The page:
NASA’s Latest Breakthrough: A ChatGPT-like Assistant is Underway for Astronauts

By Sophia Francise

June 26, 2023

According to reports, NASA engineers are creating a ChatGPT-style chatbot that could enable astronauts to communicate with their spaceship. 

The technology driven by artificial intelligence (AI) will allow mission controllers to communicate with autonomous vehicles exploring faraway planets and moons.

The engineer designing the technology is aiming for the early version of the AI to be placed aboard Lunar Gateway, a projected interplanetary space station as part of the Artemis program in November 2024.

“The idea is to get to a point where we have conversational interactions with space vehicles, and they [are] also talking back to us on alerts, interesting findings they see in the solar system and beyond,” Dr. Larissa Suzuki, a visiting researcher at Nasa said. “It’s really not like science fiction anymore.”

The Working of the AI System Explained

As illustrated during the next-generation space communication at the Institute of Electrical and Electronics Engineers (IEEE) in London, the system uses an interplanetary communications network with AI to detect and fix glitches and inefficiencies.1

“It then alerts mission operators that there is a likelihood that package transmissions from space vehicle X will be lost or will fail delivery,” said Suzuki a technical director at Google alongside her NASA role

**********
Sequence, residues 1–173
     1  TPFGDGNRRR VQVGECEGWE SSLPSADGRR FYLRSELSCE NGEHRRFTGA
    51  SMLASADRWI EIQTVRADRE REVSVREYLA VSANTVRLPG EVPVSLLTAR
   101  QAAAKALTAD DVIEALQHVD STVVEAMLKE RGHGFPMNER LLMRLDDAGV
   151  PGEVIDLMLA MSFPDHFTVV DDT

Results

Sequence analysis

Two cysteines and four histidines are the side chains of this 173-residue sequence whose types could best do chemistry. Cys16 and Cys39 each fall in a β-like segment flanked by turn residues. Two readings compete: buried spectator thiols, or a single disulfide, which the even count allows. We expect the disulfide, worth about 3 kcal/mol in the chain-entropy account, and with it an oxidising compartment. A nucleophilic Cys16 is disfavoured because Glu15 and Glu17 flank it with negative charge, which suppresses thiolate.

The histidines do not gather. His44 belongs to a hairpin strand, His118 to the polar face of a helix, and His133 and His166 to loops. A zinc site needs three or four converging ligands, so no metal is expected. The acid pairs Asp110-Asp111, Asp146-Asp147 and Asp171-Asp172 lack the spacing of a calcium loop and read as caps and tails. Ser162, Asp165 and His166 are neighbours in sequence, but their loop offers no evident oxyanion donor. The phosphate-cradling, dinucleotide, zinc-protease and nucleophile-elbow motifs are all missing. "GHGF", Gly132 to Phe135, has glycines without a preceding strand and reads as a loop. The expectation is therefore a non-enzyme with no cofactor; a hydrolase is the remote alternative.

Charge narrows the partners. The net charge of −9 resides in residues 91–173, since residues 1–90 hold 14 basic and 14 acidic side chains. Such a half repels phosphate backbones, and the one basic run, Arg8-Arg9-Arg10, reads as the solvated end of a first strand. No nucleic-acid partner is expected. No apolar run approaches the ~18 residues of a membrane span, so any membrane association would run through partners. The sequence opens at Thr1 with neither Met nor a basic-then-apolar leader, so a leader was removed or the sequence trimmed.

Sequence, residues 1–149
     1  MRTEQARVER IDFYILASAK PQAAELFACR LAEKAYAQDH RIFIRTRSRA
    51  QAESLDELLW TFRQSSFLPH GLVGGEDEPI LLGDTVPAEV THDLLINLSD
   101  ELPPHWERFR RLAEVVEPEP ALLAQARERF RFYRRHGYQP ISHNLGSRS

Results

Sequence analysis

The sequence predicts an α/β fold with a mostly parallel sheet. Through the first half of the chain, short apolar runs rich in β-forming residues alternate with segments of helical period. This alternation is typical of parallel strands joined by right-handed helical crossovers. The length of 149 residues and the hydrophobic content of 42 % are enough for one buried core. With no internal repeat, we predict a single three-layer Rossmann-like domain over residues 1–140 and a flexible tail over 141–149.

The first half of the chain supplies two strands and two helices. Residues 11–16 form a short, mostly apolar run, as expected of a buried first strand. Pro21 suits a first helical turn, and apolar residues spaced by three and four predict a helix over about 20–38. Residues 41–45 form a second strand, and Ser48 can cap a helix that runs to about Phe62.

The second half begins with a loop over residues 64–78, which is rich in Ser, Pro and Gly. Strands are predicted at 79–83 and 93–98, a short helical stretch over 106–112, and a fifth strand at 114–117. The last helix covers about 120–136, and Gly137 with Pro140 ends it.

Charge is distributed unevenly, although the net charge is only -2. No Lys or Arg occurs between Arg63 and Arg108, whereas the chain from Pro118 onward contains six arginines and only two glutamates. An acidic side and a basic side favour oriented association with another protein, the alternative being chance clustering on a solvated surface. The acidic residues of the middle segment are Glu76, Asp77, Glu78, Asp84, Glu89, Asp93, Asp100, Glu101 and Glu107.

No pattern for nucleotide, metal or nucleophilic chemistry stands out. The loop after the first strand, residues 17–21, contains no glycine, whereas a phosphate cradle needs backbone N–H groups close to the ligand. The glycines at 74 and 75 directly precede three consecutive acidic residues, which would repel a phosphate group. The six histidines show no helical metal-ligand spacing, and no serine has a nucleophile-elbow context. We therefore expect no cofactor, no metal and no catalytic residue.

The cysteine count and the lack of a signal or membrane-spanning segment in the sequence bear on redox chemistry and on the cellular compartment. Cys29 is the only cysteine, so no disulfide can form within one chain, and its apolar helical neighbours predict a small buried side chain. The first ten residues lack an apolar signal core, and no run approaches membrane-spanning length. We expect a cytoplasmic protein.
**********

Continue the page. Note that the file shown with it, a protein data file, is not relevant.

This eliminates the need to send engineers to space when a space vehicle goes offline or its software breaks.

The system also features a natural language interface for astronauts and mission control to communicate.

These conversations enable advice on space experiments and complex maneuvers, eliminating the need for cumbersome technical manuals.

The next mission for Suzuki is the deployment of machine learning in space to allow the running of vast amounts of data where it’s impossible through supercomputers.

She is exploring the use of federated learning, which enables robotic rovers to share knowledge on distant planets, enabling them to learn without transmitting vast amounts of data back to Earth.

“The spacecraft do collaborative updates based on what’s seen by other spacecraft,” she said. “It’s a technique to do distributed learning – to learn in a collaborative way without … bringing all that data to the ground.”


  1. Hannah Devlin, ‘‘It’s not like science fiction any more’: Nasa aiming to make spaceships talk’, The Guardian, 24 June 2023,[]